Newsletter: Area Conflicts, India in the Arctic, and A Potential War

Jonas Gahr Støre
"The fact that war and confrontation once again are possible on our continent is simply discouraging. However, it might happen”, said Norwegian PM Jonas Gahr Støre at his Christmas press conference. (Archive photo: David Jensen/UiT)

Dear Reader, we look at the core of the conflict on the coast off the North Norwegian island of Andøya. And if we look east, India is approaching the Arctic step by step – and we are not talking about the heat that is spreading in the Arctic. As if that were not enough, Norway’s PM now warns about war in Europe.

In a few days it will be Christmas. And Christmas it shall be, even though the pandemic is still ravaging, electricity prices are high, and heat records are reported for the Arctic.

It can always get worse, at least according to the Norwegian prime minister.

When Norwegian Prime Minister Jonas Gahr Støre finished his Christmas press conference warning about a potential war in Europe, our Editor-in-Chief Arne O. Holm had to check again to see if he had heard him right.

He had.

Upon hearing his speech once more, I realized I had heard him right, that the Norwegian PM, a former foreign minister, prepared us of a potential war in Europe”, Holm writes in this Friday’s commentary.

Area conflict

This week, we have taken a closer look at the infectious area conflict between fishers off the coast of Andøya island in Northern Norway and the local Andøya Space.

The fishers argue that Andøya Space’s activities increasingly challenge the fish industry off the island’s coast and have opted out from conversations that they argue lead nowhere.

Yet things go well in the North, too. Today brought the news that the Norwegian government puts almost NOK 0.5 billion into a hydrogen project in Finnmark.

India in the Arctic

India’s interest in the Arctic has gone under the radar for many, though High North News has been monitoring the development, not least when it comes to the country’s collaboration with Russia.

“Far from the Arctic geographically, India has inserted itself into the High North to ascertain global reach and international standing", says Dr. Elizabeth Buchanan in an exclusive High North News interview.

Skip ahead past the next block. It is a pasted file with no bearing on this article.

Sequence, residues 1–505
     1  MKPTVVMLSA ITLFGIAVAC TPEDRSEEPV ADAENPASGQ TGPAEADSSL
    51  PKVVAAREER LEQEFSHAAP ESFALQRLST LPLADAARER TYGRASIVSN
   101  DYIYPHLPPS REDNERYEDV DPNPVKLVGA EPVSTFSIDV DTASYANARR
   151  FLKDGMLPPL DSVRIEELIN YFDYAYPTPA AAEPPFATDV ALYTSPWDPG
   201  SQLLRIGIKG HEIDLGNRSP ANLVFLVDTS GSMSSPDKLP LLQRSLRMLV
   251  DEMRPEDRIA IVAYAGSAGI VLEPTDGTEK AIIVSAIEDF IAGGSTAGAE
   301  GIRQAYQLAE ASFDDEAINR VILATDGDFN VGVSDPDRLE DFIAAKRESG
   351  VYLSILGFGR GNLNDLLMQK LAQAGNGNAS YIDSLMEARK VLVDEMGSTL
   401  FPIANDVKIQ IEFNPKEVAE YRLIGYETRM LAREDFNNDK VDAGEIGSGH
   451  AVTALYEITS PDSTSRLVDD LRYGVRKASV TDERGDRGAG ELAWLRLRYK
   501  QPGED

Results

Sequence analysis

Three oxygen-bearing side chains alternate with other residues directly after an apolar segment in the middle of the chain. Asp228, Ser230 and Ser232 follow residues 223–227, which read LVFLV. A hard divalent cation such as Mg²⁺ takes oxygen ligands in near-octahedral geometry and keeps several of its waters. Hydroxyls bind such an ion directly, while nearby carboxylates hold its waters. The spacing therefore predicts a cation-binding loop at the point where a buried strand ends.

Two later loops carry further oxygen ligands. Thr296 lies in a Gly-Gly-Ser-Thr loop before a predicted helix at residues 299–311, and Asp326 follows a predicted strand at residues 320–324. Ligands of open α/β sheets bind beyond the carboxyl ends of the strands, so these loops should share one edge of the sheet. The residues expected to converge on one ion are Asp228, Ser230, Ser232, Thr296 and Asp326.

Nor is there any doubt that Russia keeps up its Northern initiative.

Preserving cultural heritage

Soon, only memories will remain of what was once an active mining community in Svea, Svalbard.

However, before liquidation started, Store Norske and the Norwegian Institute for Cultural Heritage Research secured documentation that is to be offered to the public in the form of a virtual reconstruction of the historic Svalbard mines.

We can hardly wait to see their finished product.

We also take the opportunity to congratulate former Sami Parliament president Aili Keskitalo (53) on her new role as Chair of Bodø 2024 – European Capital of Culture. (Norwegian only)

Heat record and good talks

Rain rather than snow may possibly be the new ‘normal’ in the High North. At least it is worrying to read that a new Arctic heat record has been set, a record no one really wants.

Arctic state leaders report of good talks.

The Russian President and his Finnish counterpart have had talks about the important cooperation between the two neighbors, in particular in the Arctic.

The High North is an area becoming increasingly important for Great Britain too, according to Defense Minister Ben Wallace.

This and a whole lot more you can read about at High North News.

Now that we are about to enter the final Advent weekend, we do so with a wish for peace and good talks. One can always hope.

Advent greetings from
Trine Jonassen,
News Editor, High North News

This newsletter was originally published in Norwegian and has been translated by HNN's Elisabeth Bergquist.